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The Vandermark 5: Free Jazz Classics, Vols. 3 & 4

I might not always care for Ken Vandermark’s aesthetic, but there’s no question that he works imaginatively within it. On Free Jazz Classics Vols. 3 and 4, the saxophonist/clarinetist arranges tunes by Sonny Rollins and Rahsaan Roland Kirk. (Neither was ever precisely a free-jazz musician, yet Vandermark makes reasonable justifications for his choices in the liner notes.) Volume 3 is subtitled Six for Rollins; Volume 4, Free Kings. As usual, I find myself respecting his ability while having major problems with the music.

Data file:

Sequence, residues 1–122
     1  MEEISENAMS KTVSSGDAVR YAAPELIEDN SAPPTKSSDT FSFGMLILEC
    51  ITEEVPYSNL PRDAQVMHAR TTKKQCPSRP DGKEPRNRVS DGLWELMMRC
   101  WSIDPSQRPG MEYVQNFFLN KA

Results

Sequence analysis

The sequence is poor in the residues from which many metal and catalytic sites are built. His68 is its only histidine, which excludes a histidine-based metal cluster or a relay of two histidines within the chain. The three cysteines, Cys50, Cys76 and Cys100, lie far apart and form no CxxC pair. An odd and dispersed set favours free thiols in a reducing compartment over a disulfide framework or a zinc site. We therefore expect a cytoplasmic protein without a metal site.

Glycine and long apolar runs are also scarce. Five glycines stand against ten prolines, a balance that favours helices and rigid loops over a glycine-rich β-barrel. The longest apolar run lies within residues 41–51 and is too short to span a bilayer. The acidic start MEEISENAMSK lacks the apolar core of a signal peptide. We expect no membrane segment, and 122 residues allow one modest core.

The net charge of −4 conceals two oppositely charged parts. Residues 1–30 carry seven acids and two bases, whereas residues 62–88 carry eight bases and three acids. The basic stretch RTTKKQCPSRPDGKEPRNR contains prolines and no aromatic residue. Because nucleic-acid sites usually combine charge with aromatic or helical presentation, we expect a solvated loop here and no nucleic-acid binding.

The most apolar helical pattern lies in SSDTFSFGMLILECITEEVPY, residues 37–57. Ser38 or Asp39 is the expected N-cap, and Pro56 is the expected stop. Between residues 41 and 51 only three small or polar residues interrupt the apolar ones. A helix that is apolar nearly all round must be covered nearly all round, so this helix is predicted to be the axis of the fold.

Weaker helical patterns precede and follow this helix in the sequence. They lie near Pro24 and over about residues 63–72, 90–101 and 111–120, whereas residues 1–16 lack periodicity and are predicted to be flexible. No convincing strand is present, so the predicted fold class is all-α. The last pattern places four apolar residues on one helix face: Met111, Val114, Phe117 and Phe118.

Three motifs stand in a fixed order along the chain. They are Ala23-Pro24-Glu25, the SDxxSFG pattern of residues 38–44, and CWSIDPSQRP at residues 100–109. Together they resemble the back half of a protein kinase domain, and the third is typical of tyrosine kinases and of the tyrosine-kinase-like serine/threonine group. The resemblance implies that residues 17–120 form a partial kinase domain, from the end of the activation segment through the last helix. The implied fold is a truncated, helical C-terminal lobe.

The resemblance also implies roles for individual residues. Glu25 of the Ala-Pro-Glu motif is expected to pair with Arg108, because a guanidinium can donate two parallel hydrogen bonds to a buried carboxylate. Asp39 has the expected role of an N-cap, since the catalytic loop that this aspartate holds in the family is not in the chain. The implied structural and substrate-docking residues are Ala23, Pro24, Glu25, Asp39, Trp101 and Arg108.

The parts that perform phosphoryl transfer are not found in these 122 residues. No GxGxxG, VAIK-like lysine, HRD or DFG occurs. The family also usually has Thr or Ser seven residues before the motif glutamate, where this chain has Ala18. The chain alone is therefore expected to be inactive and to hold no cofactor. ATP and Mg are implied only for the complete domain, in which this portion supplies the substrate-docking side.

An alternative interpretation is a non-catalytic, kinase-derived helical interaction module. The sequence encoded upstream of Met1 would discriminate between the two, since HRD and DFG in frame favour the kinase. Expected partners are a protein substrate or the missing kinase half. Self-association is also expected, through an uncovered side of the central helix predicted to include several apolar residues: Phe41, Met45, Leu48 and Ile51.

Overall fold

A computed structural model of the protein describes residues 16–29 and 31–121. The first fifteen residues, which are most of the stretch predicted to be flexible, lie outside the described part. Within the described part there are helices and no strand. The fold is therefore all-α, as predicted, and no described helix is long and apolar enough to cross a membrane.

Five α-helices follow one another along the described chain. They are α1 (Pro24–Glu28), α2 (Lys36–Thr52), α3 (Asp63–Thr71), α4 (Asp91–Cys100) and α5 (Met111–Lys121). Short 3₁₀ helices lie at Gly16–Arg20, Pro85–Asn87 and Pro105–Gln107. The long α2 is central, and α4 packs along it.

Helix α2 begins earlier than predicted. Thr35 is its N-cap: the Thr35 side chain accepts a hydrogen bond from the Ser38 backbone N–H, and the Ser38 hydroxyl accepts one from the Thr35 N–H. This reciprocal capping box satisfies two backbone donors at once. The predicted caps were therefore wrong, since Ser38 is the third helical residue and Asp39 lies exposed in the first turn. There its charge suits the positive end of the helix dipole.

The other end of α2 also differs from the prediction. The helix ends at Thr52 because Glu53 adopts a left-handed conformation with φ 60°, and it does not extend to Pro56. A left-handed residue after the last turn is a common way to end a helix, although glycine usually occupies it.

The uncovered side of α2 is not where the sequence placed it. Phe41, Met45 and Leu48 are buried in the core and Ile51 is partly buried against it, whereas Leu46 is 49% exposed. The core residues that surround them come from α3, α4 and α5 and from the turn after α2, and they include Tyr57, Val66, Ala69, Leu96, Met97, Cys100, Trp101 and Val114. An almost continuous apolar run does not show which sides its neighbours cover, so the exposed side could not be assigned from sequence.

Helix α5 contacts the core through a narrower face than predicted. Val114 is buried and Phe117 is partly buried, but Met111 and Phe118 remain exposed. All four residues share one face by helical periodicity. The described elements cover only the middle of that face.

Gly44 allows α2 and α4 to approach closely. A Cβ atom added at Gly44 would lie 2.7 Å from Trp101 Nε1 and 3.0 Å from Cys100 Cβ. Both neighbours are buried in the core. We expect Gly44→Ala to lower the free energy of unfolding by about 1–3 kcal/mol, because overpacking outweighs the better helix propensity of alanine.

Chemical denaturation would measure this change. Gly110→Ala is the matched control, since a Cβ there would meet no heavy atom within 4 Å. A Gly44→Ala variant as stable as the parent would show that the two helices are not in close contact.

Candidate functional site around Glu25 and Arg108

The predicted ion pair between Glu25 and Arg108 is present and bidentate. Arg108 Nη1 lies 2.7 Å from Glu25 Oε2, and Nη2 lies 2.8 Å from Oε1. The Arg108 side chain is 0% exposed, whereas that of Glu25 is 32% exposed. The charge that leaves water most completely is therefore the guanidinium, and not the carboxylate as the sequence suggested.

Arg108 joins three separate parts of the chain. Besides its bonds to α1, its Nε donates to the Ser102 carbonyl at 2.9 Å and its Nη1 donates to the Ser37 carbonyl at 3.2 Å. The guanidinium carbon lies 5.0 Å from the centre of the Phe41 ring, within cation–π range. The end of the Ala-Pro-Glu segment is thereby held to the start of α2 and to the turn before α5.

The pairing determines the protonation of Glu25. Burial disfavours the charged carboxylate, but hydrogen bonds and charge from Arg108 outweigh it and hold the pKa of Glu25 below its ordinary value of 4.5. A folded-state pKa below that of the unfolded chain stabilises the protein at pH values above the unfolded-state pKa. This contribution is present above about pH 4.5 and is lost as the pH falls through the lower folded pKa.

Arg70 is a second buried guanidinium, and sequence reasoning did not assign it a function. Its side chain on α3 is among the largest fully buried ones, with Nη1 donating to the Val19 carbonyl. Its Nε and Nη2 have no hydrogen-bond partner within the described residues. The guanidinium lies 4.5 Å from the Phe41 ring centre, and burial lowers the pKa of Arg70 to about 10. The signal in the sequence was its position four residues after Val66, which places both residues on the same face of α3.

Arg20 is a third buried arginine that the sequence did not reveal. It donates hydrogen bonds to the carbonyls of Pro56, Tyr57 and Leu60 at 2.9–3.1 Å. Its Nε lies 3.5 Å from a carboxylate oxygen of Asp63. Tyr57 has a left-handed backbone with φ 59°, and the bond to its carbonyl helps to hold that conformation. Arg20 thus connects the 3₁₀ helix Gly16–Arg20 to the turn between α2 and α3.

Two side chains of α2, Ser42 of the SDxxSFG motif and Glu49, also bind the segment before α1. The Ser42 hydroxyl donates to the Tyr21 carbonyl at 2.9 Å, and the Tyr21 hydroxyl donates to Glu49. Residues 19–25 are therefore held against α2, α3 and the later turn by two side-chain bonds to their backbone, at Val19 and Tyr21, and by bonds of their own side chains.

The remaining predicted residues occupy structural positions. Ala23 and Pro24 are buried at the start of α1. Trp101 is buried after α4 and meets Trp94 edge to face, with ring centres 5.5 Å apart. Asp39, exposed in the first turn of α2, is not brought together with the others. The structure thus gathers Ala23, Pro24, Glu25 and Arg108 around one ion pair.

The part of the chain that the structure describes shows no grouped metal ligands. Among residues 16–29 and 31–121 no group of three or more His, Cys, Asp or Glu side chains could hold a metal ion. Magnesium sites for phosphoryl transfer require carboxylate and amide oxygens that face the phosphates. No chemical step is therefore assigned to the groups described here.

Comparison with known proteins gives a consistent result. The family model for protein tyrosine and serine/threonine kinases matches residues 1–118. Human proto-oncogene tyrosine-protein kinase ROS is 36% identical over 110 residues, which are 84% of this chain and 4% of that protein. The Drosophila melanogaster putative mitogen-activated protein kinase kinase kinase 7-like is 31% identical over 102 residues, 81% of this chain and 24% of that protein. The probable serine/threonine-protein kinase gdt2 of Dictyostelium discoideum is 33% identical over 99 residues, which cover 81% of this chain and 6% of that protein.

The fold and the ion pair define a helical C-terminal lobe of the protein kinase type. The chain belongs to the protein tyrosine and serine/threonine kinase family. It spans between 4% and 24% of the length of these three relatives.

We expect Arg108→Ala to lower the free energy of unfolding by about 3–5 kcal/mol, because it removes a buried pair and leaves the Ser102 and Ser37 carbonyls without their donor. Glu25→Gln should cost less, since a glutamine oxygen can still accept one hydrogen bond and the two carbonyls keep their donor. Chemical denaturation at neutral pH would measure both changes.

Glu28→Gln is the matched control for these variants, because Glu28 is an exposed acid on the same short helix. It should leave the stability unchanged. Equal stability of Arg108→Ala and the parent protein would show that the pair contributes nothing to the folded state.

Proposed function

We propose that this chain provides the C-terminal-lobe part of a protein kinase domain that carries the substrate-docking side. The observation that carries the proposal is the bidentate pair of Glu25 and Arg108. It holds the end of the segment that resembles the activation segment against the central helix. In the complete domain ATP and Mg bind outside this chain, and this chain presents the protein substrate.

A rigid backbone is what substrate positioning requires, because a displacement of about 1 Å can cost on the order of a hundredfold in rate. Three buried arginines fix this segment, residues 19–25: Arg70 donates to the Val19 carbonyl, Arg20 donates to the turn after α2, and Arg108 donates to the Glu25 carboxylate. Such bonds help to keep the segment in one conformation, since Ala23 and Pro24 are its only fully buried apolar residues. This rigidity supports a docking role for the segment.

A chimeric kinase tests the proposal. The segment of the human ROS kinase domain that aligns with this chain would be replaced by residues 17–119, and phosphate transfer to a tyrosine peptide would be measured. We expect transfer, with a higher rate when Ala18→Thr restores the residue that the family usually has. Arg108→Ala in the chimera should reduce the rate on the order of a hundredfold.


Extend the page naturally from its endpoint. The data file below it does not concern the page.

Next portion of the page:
A major problem I have with Vandermark has to do with his stilted phrasing and sense of rhythm, particularly on quick tempos. That’s a big issue when dealing with material like this. Stiffness runs through this music like a splint. Bassist Kent Kessler and trombonist Jeb Bishop are exceptions; they swing with flexibility and ingenuity. In contrast, Vandermark’s and fellow saxophonist Dave Rempis’ ungainly, on-the-beat playing sounds overly academic. That’s not to say they aren’t compelling players. For instance, Vandermark’s bari work on Rollins’ “John S.” has a somewhat hokey feel, yet it’s enormously creative in its own way. Too bad for him, the following solos by Kessler and Bishop are so loose-hinged as to make Vandermark sound like a sax-playing Myron Floren. Rempis’ playing can have a similar corncob-up-the-wazoo feel, although he’s somewhat more fluid on quick tempos. Vandermark, on the contrary, is far better on relaxed tempos; his rhythms looser and more varied, his inflections more sophisticated and ultimately more expressive. The arrangements are nicely written, although many feature Rempis’ naive, awkwardly inflected alto on top, which is not a good thing. To their credit, Rempis and Vandermark do manage to generate some excitement. I hear things can get pretty heated at Star Trek conventions, too.

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